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When murders are being live streamed, one has to ask: has technology gone too far?

A man who identified himself as Stevie Steve in a video he broadcast of himself on Facebook.

SANTA MONICA- It was a shot heard around the world, when Steve Stephens recorded a Facebook live video of himself pulling the trigger and killing a man on Easter Sunday.  The video was on Facebook for 3 hours before it was taken down, and it had already received millions of views.

Steve Stephens has now reportedly killed himself in the midst of police chasing him, but the horrific crimes he committed and video he made lives on.  So what happens to the millions of minds who just watched that atrocity be committed?  

Unfortunately, this is not the first video of its kind, and recent years have seen a steady increase in people recording, posting, and getting millions of views as they broadcast unspeakable acts.  But what has our society done to inspire such atrocities; is it the violence in our movies and video games?  The violence that is depicted in main stream media being viewed by young minds? Or rather, is it that videos like this provide a perfect way for criminals to gain a massive audience and furthermore can desensitize their audiences and lead to others doing similar crimes? 

There has been a multitude of research exploring the effect that viewing violence has on the mind, and while there is not one definitive answer, it appears this trend results from a combination of all of these.

The American Psychological Association has found that violence in the media can have a harmful effect on the human’s brain, especially in children.  Physiologists L. Rowell Huesmann, Leonard Eron and others discovered that kids who watch hours and hours of violent television in their elementary school years often showed more aggressive behavior as they transitioned into teenagers.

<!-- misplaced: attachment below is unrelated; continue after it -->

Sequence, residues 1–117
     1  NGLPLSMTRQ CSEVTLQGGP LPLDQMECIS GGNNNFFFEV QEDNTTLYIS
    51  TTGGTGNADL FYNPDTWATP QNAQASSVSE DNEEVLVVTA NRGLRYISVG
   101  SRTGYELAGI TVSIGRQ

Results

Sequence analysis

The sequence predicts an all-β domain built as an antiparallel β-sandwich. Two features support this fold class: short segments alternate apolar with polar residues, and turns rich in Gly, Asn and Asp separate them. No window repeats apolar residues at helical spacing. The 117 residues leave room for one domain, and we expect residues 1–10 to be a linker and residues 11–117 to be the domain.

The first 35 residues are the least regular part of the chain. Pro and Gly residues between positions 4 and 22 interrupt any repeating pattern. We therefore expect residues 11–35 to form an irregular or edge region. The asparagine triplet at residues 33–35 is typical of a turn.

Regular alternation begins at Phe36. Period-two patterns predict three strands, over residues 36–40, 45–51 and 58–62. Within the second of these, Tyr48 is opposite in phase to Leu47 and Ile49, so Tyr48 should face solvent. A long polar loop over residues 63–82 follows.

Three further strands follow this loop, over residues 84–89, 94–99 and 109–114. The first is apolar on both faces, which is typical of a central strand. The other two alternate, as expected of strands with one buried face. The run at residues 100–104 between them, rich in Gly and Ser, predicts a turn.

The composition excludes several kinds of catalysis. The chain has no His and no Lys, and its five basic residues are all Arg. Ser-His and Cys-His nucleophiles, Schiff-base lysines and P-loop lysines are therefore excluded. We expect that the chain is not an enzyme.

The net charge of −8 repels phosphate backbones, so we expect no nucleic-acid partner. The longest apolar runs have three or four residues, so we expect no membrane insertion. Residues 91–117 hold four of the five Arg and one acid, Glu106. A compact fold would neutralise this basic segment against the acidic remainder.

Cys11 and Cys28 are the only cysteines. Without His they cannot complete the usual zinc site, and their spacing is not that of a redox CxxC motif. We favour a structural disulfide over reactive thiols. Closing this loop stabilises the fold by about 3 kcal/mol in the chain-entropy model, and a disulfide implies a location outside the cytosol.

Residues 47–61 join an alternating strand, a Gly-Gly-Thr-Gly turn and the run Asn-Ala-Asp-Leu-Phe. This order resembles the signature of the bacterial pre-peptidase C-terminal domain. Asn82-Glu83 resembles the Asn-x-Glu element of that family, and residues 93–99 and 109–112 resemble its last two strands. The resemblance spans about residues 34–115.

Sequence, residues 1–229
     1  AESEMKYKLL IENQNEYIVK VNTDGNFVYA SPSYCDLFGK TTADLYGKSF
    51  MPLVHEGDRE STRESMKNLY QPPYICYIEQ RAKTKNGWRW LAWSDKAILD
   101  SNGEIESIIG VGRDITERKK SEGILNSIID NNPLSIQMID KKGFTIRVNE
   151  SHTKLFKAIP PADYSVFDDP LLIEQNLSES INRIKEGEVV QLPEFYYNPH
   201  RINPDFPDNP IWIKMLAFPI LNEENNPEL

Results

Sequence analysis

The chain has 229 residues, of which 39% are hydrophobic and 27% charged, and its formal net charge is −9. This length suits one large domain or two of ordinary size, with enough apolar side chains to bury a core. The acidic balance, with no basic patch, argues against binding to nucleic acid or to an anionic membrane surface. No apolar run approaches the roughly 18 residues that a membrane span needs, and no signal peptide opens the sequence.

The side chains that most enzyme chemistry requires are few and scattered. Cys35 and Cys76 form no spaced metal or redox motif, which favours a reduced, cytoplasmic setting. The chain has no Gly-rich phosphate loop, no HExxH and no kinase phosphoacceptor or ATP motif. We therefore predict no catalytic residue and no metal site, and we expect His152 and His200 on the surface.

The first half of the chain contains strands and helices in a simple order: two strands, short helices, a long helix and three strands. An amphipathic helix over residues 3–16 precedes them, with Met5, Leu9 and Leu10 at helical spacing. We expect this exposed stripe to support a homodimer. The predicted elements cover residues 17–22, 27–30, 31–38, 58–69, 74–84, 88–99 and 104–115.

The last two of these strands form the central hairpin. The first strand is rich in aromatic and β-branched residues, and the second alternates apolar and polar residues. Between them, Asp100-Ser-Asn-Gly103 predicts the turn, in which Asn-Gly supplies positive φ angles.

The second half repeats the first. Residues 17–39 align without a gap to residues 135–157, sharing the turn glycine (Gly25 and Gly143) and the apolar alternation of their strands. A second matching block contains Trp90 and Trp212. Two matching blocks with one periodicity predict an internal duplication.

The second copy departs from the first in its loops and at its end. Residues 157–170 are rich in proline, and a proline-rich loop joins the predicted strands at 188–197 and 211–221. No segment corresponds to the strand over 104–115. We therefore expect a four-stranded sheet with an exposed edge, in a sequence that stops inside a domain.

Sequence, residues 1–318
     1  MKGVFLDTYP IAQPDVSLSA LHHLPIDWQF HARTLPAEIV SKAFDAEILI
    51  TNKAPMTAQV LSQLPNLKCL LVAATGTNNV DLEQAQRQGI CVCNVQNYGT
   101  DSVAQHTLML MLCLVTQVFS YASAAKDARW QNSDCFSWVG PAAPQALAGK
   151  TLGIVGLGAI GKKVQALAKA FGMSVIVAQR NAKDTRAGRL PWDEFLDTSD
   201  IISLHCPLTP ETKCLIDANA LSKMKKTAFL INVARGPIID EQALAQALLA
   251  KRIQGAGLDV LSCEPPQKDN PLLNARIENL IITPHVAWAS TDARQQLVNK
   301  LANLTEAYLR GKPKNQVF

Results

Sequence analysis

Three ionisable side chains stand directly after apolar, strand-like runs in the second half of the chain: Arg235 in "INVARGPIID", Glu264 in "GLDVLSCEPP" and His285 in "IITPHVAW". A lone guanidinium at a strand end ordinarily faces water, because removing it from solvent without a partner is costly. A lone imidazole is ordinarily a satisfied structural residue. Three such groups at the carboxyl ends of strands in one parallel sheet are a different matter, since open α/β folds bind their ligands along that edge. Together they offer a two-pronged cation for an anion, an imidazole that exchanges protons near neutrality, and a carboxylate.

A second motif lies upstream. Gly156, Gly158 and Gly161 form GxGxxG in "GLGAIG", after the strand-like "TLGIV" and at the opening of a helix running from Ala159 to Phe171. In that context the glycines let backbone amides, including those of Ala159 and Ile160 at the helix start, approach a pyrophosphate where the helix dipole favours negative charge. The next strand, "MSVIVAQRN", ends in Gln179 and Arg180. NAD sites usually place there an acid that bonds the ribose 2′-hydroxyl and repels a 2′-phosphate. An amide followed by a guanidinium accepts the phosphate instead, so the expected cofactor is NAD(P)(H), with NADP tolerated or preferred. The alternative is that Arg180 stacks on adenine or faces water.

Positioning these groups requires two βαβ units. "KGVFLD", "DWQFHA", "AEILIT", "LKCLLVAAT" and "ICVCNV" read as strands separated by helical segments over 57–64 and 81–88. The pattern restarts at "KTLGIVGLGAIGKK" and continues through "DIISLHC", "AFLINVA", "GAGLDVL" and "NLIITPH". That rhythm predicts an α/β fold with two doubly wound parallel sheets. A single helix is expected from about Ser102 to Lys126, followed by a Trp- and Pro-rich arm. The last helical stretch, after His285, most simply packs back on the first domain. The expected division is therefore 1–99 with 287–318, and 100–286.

Additionally, “by observing these participants into adulthood, Huesmann and Eron found that the ones who’d watched a lot of TV violence when they were 8 years old were more likely to be arrested and prosecuted for criminal acts as adults,” they said in a November 2013 article entitled Violence in the Media on their website. 

This connection between viewing violence and committing violence shows the harmful effects that a video like this can have.  A study by Indiana University’s School of Medicine went even further.  It showed that there were actually physical, visible changes in the brain that showed up on MRI brain scans following one week of violent video game play. So, if fake violence on television is enough to influence the actions of children, does exposure to real violence do worse?

After all, “other research has found that exposure to media violence can desensitize people to violence in the real world and that, for some people, watching violence in the media becomes enjoyable,” the American Psychological Association continued in their article. 

More and more studies are coming out showing the direct relationship between viewing violence, both fictitious and real, and the effect that is has on one’s brain and actions.

The video was posted on Facebook for three hours before it was taken down.

Photos courtesy of Reuters.